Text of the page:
Songs for Sunday: Where He Leads Me

This hymn has been running around in my head for a couple of weeks now, and I catch myself humming the melody. We often sang it as an “Invitation Hymn” at church when I was a kid.

Where He Leads Me

  1. I can hear my Savior calling,
    I can hear my Savior calling,
    I can hear my Savior calling,
    “Take thy cross and follow, follow Me.”

    • Refrain:
      Where He leads me I will follow,
      Where He leads me I will follow,
      Where He leads me I will follow,
      I’ll go with Him, with Him all the way.
  2. I’ll go with Him through the waters,
    I’ll go with Him through the waters,
    I’ll go with Him through the waters,
    I’ll go with Him, with Him all the way.
  3. I’ll go with Him through the garden,
    I’ll go with Him through the garden,
    I’ll go with Him through the garden,
    I’ll go with Him, with Him all the way.
  4. I’ll go with Him to dark Calv’ry,
    I’ll go with Him to dark Calv’ry,
    I’ll go with Him to dark Calv’ry,
    I’ll go with Him, with Him all the way.
  5. I’ll go with Him to the judgment,
    I’ll go with Him to the judgment,
    I’ll go with Him to the judgment,
    I’ll go with Him, with Him all the way.
  6. He will give me grace and glory,
    He will give me grace and glory,
    He will give me grace and glory,
    And go with me, with me all the way.

My usual hymn research sites didn’t offer much information about E. W. Blandy (also spelled “Blandly” ) other than a brief statement in Hymnary.org, saying  he was a Salvation Army officer and had written the lyrics after given the choice between “a comfortable post at an established church, and an alternate assignment to the New York City waterfront and slum called Hell’s Kitchen.” He went to Hell’s Kitchen.

John S. Norris (1844-1907) composed the beautiful melody.  He was a Methodist pastor who changed to the Congregationalist denomination, and continued ministering there. He pastored several churches over about a thirty year timespan. According to Hymn Time, he wrote several hymns,

Hymn Time also says that the hymn was written in 1890, but gave no information how the two men might have collaborated.

When I started surfing YouTube looking for recordings of this song, I really didn’t find much that I wanted to use. I wanted to find something that was arranged as closely to the original as I could get. At first I thought the only one what was really close was a recording by Willie Nelson. If you know anything about Willie’s style, particularly his musical phrasing, you know why that is strange. However, Willie does a great job with this one. If you want to (I know Ed will), you can hear it here.

Finally, I found this really nice recording by Lynda Randle.  It was “provided to YouTube by Universal Music Group North America”.

What about you?
Are you following Him?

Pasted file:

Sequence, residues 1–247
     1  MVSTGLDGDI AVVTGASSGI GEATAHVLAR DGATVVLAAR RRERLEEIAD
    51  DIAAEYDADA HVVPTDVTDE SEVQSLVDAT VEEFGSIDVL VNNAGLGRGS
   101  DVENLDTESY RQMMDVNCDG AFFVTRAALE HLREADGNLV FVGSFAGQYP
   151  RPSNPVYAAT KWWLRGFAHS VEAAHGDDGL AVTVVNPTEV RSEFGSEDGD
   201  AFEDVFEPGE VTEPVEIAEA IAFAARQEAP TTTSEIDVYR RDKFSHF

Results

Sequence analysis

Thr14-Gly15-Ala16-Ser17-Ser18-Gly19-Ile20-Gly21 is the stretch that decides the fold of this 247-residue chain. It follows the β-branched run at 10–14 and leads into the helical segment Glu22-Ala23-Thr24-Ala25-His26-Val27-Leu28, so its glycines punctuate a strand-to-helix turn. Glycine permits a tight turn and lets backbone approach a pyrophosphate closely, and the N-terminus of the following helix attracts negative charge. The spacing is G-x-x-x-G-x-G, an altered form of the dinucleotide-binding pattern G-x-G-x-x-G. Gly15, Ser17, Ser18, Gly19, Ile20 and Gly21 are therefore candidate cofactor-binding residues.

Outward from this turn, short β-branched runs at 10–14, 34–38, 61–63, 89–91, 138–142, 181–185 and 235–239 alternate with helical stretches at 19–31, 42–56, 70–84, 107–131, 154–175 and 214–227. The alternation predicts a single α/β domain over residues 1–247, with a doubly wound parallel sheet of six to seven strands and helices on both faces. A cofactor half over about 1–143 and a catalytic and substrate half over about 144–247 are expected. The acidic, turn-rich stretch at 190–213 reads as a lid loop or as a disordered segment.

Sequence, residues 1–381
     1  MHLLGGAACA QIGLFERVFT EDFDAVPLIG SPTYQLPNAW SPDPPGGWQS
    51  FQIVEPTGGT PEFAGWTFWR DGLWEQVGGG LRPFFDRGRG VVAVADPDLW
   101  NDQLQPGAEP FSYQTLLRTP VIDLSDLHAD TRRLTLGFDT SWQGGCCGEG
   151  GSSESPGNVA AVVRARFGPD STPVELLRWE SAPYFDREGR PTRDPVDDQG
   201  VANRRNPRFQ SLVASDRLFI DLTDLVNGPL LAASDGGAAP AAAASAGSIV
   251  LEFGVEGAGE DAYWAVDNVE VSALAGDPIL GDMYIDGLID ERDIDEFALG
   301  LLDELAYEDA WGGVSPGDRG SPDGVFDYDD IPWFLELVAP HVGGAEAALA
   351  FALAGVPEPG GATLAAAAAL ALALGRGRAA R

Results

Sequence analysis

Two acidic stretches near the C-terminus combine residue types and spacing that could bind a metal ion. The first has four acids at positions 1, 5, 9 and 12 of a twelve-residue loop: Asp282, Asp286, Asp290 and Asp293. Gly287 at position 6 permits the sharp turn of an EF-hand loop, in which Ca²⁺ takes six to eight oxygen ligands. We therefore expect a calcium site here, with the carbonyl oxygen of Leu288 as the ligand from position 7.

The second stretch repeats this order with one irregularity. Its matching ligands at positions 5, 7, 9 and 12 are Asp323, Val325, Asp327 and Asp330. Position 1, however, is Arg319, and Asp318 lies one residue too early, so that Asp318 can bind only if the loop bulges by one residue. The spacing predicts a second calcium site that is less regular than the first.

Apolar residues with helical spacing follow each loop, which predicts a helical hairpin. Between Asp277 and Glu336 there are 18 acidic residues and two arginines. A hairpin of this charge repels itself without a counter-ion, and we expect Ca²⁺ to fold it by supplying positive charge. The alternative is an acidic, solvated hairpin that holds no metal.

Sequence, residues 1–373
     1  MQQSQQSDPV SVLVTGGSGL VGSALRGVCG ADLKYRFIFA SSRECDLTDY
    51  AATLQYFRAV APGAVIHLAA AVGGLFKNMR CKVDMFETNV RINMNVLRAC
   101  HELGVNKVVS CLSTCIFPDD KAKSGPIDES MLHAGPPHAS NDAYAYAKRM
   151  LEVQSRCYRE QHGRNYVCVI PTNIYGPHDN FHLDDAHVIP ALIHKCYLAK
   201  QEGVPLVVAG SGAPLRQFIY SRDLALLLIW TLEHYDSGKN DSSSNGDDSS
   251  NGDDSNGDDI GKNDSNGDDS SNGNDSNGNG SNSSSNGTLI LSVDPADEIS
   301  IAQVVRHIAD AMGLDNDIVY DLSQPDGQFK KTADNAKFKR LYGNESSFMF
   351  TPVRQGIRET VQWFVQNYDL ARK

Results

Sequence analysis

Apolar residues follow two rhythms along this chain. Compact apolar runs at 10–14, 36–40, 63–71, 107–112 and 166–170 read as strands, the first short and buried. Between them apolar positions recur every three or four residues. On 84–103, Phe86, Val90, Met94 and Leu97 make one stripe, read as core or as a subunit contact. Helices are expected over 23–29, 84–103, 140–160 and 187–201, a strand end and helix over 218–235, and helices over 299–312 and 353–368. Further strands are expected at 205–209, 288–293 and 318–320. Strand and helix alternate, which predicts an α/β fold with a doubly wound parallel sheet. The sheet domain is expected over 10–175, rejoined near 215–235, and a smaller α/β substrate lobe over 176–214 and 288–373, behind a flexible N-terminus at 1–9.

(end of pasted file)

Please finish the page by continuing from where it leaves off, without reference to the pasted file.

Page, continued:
See you in church!

Connie

Songs For Sunday: Tell Me The Old Old Story – I Love To Tell the Story

I am always amazed when I research old hymns. I always find something interesting. I started looking for Tell Me the Old Old Story, which is similar to I Love To Tell The Story.

Researching this morning, I discovered that both hymns are based on one lengthy poem, written in 1866 by an English woman named A. Katherine Hankey (1834-1911). The poem called “The Old Old Story” is written in two parts; the first dated in January of 1866, and the second in November of the same year. You can read the whole poem here. It is said that she wrote the poem while convalescing after a serious illness.

A. Katherine Hankey, or Kate as she was called, was the daughter of a banker, and a member of the Clapham sect, which was both anti slavery and pro missionary. She taught Sunday school for girls as a teenager and later worked as a nurse in South Africa, while helping her invalid brother.

Tell Me the Old Old Story was taken from the first part of the poem. The music was written by William Doane, (1832-1915), who according to Cyber Hymnal.Org, heard the poem recited in 1867 by a Major General Russel at a men’s fellowship in Montreal. He wrote the music on a “hot afternoon while on the stage-coach between the Glen Falls House and the Crawford House in the White Mountains.”

Noting the years of Doane’s life, curiousity got the better of me. I wondered if he might have written music for any of Fanny Crosby’s lyrics. He did. Both “Near the Cross”, and “Safe in the Arms of Jesus” were collaborations between Doane and Crosby. All told, Doane composed over 2000 songs.

Tell Me the Old, Old Story

Tell me the old, old story of unseen things above,
Of Jesus and His glory, of Jesus and His love.
Tell me the story simply, as to a little child,
For I am weak and weary, and helpless and defiled.

Refrain

Tell me the old, old story, tell me the old, old story,
Tell me the old, old story, of Jesus and His love.

Tell me the story slowly, that I may take it in,
That wonderful redemption, God’s remedy for sin.
Tell me the story often, for I forget so soon;
The early dew of morning has passed away at noon.